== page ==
01/14/17 Sent Ones

READING: Genesis 33-35, Matthew 10:1-20

“These are the names of the 12 apostles . . .”  Matthew 10:2

He had spent time with them before. Some had been disciples of John the Baptist, who directed them to Jesus, the Lamb of God (John 1:36). Jesus had already called some of them from the work of the sea, calling them instead to become fishers of men (Matt. 4:18-22). Now, He was ready for these disciples to become His apostles. He would send them out under His authority to proclaim His message, to cast out demons, and to heal the sick.

We don’t learn much about them in today’s reading. We know their names. Some were related to each other, and we hear about those relationships. Simon and Andrew were brothers, as were James and John. Matthew, we learn, was a tax collector – probably despised by others as he extorted money for himself while collecting funds for Rome. Simon the Zealot was likely a member of a revolutionary group that sought to free Israel from Rome. Strangely, the most information we get is about Judas Iscariot, “who also betrayed Him” (Matt. 10:4). Perhaps we are given this information to differentiate him from Thaddaeus (also known as Judas—Luke 6:16; Acts 1:13), but surely these words are also a reminder of Judas’ devilish act against Christ. It is not a surprise, then, that he is always included last in these lists of the apostles.

Why Jesus called out these men in particular is in some ways a mystery to us. They would argue among themselves. Their faith would falter at times. They wouldn’t always listen, nor would they always learn. One would deny knowing Him. Another would betray Him. All would flee when He was arrested. Still, He called them.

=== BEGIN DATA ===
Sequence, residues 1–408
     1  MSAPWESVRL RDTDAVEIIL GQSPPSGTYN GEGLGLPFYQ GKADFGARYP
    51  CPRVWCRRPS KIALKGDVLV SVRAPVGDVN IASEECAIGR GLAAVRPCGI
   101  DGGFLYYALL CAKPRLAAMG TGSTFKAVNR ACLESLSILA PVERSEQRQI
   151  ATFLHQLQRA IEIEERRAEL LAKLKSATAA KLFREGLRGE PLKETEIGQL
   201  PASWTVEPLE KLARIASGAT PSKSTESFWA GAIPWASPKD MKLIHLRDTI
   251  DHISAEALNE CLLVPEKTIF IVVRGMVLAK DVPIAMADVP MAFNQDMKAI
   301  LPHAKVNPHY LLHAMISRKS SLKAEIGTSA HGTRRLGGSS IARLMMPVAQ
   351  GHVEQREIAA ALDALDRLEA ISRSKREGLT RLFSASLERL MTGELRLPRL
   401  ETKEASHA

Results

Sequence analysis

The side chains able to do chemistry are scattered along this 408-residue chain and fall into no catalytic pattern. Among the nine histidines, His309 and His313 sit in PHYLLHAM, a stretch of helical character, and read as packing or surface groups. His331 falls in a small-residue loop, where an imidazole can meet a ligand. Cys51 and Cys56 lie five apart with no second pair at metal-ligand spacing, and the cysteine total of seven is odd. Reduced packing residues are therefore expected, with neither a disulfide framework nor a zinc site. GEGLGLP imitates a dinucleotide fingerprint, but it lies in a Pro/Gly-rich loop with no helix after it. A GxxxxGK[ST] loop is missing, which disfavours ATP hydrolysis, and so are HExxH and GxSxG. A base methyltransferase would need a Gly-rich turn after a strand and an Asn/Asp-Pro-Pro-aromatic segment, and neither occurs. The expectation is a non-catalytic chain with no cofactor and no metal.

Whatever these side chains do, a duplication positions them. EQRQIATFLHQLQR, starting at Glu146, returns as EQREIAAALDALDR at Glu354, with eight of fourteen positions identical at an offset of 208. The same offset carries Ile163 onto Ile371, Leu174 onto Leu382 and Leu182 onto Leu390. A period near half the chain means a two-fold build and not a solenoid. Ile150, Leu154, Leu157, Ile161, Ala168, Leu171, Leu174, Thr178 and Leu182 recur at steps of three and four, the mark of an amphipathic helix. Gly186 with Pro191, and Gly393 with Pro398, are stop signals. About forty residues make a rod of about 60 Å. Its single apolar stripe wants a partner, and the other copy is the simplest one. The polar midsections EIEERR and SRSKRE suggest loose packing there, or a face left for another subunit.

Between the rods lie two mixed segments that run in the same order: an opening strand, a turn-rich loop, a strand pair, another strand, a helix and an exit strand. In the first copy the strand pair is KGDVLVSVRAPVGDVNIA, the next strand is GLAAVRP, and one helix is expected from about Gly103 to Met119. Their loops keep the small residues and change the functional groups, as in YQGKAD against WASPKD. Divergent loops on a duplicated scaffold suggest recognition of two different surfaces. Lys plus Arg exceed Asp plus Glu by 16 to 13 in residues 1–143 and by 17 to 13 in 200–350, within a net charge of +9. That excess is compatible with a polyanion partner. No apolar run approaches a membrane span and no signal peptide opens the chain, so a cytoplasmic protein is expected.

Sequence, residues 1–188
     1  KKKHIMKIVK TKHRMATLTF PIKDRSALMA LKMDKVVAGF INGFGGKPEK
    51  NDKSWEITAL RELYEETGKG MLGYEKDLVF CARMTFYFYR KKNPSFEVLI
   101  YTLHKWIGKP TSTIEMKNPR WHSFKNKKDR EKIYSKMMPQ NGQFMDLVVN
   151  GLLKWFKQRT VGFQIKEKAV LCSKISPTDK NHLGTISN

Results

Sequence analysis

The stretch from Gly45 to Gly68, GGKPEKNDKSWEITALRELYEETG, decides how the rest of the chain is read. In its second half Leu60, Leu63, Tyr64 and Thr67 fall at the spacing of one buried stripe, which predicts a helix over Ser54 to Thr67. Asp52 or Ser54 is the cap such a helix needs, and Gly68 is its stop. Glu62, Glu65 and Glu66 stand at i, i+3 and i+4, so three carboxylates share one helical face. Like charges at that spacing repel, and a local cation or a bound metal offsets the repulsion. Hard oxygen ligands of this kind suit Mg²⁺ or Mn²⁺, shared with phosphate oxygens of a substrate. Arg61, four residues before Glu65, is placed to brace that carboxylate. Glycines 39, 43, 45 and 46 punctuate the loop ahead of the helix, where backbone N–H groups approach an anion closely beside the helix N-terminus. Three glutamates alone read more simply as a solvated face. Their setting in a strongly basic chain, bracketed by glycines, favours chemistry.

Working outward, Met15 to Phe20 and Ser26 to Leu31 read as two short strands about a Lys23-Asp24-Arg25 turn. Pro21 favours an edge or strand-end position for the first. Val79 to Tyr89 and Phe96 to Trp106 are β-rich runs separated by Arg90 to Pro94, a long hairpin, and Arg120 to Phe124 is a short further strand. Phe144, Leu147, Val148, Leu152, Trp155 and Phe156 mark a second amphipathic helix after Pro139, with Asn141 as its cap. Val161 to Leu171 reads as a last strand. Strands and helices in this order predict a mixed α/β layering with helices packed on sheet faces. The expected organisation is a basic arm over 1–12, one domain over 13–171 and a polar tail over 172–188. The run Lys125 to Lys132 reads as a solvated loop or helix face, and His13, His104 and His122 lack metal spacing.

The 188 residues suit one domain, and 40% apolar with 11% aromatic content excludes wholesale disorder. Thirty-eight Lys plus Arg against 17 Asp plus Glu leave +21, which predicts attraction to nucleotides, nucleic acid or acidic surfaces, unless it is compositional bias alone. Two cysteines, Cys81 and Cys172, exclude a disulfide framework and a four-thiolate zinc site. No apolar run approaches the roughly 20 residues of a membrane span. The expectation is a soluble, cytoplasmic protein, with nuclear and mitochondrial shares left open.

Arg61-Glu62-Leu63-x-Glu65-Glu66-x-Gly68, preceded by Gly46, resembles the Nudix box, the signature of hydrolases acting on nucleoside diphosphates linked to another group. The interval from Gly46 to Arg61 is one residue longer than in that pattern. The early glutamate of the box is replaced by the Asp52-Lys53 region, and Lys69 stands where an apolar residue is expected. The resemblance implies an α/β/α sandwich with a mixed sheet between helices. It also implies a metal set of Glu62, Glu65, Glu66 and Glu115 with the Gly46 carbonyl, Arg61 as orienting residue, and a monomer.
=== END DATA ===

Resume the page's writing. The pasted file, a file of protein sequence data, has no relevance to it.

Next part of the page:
They are largely only names to us at this point in the Gospel of Matthew, but they were so much more than that to Jesus. He knew who they were, but He also knew who they would become. He understood how the Father would use them. Some would turn the world upside down. One in his rebellion would become an instrument in the hand of the devil, though his betrayal would lead to a cross that would offer redemption to the world. All would fit into God’s plan in some way.  

You and I, too, are more than just names to Jesus. Yes, we’re sinners. Yes, we struggle. Yes, it makes little sense that He uses us to spread His Word. Why He calls any of us to Him is just as much a mystery as why He called His apostles in the first century. Still, He does – not because of our goodness or our talent, but because of the work of the Father in our lives. We’re nobodies, but we’re sent nobodies to tell the Good News.  


  • Thank Him for calling you to Himself.
  • Write an email to a non-believer today, and tell him or her the gospel of Jesus.

PRAYER: “God, thank You for Your grace. May I never get over the wonder of Your love for me!”

TOMORROW'S READING: Genesis 36-38, Matthew 10:21-42